"How can I make sure our playground is in good condition?"
These are two questions from a recent town hall meeting, and they are questions we receive a lot. With today's steel and plastic materials, your GameTime playground should last for years and years with proper maintenance. We back all of our components with one of the industry's best warranties, including a limited lifetime warranty on uprights and hardware. If you ever need repairs or replacement parts, we are only a phone call or email away, and we have representatives in all 50 states, in 26 countries and on six continents. Wherever you are, we're local.
Providing regular maintenance will help keep your playground in top shape and prolong its life. To help you keep up a routine maintenance schedule, we've published a Playground Maintenance Guide with lots of information, checklists and more.
Safety surfacing is a piece of the project that is often overlooked. You can't just set up a playground on grass or dirt. And you can't install it on asphalt or gravel like they did a LONG time ago. Modern safety surfaces attenuate falls -- that's a fancy way of saying they provide cushioning when a child falls down. Safety standards require approved safety surfacing, and GameTime offers various options for our play equipment.
Each surfacing option has its benefits. Engineered Wood Fiber (EWF) has a lower initial cost, but requires frequent maintenance and replenishment. Poured In Place Rubber has a higher initial cost, but requires less maintenance and is a more accessible and inclusive surface. You can also choose recycled rubber tiles or synthetic turf. All of our surfacing options meet the safety standards for playgrounds and are engineered to work with our play equipment.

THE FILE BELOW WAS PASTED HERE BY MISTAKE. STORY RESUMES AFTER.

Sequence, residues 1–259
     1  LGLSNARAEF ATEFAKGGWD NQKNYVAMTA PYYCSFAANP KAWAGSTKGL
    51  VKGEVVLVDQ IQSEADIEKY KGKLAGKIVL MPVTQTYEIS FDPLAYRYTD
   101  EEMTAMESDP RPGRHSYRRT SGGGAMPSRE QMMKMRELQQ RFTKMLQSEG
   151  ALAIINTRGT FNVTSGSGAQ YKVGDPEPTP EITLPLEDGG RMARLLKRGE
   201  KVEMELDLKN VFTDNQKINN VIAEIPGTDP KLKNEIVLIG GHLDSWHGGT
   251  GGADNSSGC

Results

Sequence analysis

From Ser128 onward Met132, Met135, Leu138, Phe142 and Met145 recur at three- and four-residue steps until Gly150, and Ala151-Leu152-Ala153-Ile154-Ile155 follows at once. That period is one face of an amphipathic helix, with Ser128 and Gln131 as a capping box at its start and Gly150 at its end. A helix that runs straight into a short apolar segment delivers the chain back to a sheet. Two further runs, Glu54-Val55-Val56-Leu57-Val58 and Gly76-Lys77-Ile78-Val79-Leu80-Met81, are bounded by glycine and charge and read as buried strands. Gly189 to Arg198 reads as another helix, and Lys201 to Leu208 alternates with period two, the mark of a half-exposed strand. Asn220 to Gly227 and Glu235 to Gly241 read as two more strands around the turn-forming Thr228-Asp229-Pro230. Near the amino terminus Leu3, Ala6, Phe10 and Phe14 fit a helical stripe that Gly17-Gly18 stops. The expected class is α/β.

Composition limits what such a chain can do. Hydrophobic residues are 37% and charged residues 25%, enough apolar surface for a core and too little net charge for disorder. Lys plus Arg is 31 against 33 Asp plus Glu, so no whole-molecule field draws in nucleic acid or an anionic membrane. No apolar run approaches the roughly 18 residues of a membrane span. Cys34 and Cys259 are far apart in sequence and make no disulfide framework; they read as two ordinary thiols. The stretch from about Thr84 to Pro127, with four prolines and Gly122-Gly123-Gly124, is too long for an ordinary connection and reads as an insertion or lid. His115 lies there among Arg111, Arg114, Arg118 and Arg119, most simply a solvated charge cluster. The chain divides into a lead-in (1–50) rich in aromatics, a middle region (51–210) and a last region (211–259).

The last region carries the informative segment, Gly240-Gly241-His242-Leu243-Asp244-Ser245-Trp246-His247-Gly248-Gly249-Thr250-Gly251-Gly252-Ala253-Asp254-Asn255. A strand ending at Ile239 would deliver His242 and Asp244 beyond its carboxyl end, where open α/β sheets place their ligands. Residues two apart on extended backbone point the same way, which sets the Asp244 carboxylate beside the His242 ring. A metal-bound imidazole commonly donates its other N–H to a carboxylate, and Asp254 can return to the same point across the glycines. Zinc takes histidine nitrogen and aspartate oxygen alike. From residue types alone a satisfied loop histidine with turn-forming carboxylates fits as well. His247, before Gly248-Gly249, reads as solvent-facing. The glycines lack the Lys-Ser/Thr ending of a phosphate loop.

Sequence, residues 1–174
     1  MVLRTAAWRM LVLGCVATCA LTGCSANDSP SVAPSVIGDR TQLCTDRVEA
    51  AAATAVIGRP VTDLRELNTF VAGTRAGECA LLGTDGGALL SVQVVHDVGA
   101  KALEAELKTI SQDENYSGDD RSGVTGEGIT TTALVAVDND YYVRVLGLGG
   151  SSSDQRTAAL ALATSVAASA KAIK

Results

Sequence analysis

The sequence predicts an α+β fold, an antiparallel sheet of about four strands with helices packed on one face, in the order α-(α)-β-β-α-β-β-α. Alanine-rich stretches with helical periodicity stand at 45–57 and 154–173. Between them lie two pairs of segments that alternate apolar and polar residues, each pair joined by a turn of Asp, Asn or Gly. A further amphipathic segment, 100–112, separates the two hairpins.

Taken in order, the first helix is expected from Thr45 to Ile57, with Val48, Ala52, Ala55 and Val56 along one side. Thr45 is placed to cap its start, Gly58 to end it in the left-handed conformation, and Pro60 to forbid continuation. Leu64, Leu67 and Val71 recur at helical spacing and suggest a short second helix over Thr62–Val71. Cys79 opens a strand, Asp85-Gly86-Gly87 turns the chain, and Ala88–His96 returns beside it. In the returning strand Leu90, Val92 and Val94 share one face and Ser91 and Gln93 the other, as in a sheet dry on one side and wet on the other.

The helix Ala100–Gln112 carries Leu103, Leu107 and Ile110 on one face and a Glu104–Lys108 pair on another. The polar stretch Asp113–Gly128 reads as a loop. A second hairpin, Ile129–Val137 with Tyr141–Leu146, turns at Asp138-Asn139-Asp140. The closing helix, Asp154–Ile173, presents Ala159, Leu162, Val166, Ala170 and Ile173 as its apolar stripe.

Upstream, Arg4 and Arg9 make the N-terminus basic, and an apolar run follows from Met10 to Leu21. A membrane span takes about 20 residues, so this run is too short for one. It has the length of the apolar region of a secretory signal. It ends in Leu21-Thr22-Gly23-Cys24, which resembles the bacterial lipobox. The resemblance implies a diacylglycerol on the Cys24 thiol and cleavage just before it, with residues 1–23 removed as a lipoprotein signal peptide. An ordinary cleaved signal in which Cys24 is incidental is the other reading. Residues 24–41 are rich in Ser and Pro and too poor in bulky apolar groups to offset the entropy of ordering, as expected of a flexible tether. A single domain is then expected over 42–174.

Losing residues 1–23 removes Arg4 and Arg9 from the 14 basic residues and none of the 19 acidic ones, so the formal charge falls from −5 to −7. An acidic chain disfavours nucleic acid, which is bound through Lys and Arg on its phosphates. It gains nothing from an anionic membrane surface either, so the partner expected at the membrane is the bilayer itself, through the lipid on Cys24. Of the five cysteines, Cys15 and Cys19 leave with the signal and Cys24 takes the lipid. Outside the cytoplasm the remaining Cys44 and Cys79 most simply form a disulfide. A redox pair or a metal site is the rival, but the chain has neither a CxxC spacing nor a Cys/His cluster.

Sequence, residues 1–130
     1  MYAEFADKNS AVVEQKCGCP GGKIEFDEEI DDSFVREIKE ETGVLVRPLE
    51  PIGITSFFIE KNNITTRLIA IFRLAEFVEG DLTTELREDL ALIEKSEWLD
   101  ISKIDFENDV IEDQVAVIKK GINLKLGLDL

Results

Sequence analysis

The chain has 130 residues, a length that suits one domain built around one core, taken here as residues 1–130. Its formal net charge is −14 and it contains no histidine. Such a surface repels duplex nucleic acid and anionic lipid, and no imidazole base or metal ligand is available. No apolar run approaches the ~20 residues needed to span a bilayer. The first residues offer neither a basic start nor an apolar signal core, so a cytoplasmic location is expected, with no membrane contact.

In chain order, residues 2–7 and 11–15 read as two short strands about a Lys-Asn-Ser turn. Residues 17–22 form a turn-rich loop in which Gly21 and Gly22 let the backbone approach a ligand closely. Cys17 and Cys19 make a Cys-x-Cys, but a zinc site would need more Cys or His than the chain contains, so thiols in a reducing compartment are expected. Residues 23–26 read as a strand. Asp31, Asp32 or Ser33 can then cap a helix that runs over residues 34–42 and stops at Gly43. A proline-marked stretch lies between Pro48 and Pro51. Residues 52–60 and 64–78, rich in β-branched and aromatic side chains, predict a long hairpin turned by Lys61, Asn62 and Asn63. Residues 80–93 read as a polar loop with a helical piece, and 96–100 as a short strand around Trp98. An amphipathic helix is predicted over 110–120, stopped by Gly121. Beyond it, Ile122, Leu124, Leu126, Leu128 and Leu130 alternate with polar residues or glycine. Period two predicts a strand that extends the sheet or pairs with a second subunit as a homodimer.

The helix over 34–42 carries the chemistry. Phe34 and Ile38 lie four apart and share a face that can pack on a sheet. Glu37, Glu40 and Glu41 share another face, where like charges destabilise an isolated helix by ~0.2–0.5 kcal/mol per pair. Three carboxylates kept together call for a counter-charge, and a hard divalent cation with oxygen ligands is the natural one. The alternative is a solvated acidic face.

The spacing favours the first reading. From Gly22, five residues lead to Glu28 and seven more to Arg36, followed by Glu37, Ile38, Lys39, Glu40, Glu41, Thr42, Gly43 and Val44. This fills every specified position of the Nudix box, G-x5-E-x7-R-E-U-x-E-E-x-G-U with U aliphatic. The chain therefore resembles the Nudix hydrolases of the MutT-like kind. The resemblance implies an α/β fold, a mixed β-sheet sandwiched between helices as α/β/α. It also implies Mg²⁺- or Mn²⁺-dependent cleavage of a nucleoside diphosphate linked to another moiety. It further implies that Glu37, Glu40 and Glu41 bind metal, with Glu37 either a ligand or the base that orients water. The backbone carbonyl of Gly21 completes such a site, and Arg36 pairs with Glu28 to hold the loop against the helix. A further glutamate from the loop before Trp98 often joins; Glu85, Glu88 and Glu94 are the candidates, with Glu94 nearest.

Your local playground expert is here to help you figure out the best surfacing for your space.
These are just the basics to keep in mind as you begin your playground-building research. There are other things to consider -- like using manufactured shade structures or natural shade to keep the play area cool, whether you should add site amenities like benches or trash receptacles, when to choose plastic slides or metal slides, etc. Because there are so many options involved with building a playground, it's important to work with an experienced playground professional who can walk you through the entire process, and support you long after the children are having fun on the playground.
Have more questions? Please contact your local rep for more personalized advice! We love playgrounds and are happy to help.
*Giving USA 2016: The Annual Report on Philanthropy